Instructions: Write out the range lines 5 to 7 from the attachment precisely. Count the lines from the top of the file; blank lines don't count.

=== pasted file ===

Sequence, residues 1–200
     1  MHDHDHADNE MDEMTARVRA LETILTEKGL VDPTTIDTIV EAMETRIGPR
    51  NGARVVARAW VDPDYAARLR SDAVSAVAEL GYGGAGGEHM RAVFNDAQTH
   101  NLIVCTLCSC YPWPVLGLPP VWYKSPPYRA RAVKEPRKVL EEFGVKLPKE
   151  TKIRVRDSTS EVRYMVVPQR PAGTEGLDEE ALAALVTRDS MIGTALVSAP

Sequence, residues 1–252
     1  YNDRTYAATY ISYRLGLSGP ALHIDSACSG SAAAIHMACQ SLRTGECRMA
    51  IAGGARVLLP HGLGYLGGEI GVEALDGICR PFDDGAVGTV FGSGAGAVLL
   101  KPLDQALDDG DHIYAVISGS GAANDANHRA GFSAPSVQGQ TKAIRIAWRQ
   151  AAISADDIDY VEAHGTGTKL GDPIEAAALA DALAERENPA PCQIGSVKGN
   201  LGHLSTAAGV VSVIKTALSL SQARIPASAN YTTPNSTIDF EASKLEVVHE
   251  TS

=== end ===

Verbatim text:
   151  TKIRVRDSTS EVRYMVVPQR PAGTEGLDEE ALAALVTRDS MIGTALVSAP

Sequence, residues 1–252
     1  YNDRTYAATY ISYRLGLSGP ALHIDSACSG SAAAIHMACQ SLRTGECRMA